Annawon’s father’s generation may have at one time worn plains-style headdresses, and even today the Eastern War Dance and Massachusetts native dress style may not be an acceptable part of competition pow wows.  “I want to carry his intentions forward, no matter what, even though we are sometimes publicly ridiculed and asked to leave certain (western) pow wows.”

A 2010 Sacred Paddle canoe trip taken by Annawon and many others commemorated the particular “trail of tears” of Massachusetts’ natives by following the same course taken in the fall of 1675 by over 500 native people, most from the first reservations on this continent, who were removed from their homes, shackled, and ordered at gunpoint to Deer Island, a barren island in Boston Harbor. The people were left without food or shelter and were shot if they even built a fire. Over half died of exposure and starvation. Today, after a long struggle to preserve the death site, which now hosts an enormous waste water treatment facility, Massachusetts’ natives hold an annual ceremony.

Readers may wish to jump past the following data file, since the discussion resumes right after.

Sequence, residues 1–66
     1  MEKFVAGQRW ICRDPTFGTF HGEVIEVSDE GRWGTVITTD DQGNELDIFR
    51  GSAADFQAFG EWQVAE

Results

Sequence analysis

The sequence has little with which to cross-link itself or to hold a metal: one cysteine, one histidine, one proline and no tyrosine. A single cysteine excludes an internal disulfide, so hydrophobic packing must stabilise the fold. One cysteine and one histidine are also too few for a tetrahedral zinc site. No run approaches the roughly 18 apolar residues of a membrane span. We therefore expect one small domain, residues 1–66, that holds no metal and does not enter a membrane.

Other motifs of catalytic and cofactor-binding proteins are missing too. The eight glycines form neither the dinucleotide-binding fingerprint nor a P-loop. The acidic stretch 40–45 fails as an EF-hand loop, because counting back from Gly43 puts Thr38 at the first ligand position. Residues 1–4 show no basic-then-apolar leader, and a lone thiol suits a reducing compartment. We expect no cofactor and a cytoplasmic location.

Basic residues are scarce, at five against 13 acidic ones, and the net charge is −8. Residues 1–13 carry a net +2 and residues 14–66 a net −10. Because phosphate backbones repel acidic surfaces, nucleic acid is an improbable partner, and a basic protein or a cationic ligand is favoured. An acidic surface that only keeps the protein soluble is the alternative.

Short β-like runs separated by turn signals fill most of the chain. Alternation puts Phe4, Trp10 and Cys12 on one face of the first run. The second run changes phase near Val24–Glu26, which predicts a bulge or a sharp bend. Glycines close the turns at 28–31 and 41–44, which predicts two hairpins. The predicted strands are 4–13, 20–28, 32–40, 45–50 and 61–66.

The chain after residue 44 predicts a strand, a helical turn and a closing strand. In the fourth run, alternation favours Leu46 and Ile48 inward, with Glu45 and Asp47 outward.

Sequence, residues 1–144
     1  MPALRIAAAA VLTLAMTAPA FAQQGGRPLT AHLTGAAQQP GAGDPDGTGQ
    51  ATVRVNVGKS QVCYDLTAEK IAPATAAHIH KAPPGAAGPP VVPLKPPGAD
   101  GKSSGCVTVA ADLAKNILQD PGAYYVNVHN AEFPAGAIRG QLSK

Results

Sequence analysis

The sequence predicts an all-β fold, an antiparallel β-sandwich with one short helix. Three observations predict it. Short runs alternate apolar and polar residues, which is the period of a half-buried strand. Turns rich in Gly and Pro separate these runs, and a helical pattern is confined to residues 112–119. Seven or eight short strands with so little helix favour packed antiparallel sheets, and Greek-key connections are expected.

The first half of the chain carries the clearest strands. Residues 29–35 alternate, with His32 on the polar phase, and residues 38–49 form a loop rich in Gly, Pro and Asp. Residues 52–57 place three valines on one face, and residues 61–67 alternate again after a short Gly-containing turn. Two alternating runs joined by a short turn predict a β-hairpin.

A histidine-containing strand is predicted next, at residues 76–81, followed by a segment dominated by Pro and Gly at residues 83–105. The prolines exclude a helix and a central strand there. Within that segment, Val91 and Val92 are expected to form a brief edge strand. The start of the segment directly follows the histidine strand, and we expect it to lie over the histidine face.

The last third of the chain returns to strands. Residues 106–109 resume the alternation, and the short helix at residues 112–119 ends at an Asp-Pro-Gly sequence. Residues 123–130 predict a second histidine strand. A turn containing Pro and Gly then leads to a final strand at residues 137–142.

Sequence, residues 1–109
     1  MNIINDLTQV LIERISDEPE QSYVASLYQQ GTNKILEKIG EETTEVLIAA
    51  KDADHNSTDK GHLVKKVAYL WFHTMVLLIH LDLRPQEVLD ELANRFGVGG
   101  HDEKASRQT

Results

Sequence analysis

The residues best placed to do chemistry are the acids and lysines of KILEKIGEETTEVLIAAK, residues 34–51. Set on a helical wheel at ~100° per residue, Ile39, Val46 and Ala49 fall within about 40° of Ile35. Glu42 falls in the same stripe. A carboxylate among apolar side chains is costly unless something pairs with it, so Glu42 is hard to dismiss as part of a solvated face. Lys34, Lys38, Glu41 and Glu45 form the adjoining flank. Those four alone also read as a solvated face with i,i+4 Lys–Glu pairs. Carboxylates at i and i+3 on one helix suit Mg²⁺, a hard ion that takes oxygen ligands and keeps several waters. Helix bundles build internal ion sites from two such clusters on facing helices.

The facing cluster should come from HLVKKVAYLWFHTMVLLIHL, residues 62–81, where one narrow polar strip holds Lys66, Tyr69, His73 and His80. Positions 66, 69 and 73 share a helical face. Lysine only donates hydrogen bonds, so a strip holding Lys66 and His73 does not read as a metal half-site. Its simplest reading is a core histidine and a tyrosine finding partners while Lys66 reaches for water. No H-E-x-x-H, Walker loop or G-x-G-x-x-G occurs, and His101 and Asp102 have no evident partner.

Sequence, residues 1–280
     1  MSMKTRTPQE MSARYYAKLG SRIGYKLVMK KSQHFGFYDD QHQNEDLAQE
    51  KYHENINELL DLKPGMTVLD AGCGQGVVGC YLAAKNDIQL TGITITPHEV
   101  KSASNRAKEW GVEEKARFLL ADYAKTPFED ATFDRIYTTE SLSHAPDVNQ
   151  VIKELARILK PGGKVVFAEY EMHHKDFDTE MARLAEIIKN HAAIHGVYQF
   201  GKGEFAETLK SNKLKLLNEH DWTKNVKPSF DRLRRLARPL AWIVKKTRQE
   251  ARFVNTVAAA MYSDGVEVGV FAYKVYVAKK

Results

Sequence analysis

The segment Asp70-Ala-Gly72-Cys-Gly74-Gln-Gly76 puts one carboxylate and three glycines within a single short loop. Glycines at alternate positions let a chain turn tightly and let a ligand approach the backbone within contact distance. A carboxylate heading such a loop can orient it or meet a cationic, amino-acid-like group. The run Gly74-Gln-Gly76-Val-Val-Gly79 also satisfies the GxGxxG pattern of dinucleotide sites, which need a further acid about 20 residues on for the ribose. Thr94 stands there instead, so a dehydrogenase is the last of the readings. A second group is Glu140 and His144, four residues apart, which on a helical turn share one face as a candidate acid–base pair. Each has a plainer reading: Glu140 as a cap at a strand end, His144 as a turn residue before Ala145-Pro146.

One fact many were not aware of that happened during the 2010 Sacred Paddle continues to haunt the dancer: “The Coast Guard pointed machine guns at us and turned us further out into the harbor where we might all have died. They said we were too close to the airport runways in our dugout canoes.”  This occurred after the participants had done a Sacred Run of twelve miles from Natick, the former sight of the Indian Praying Town, to Watertown, paddled miles up the Charles River in traditional mishoons and a war canoe, and passed through the locks to Boston Harbor.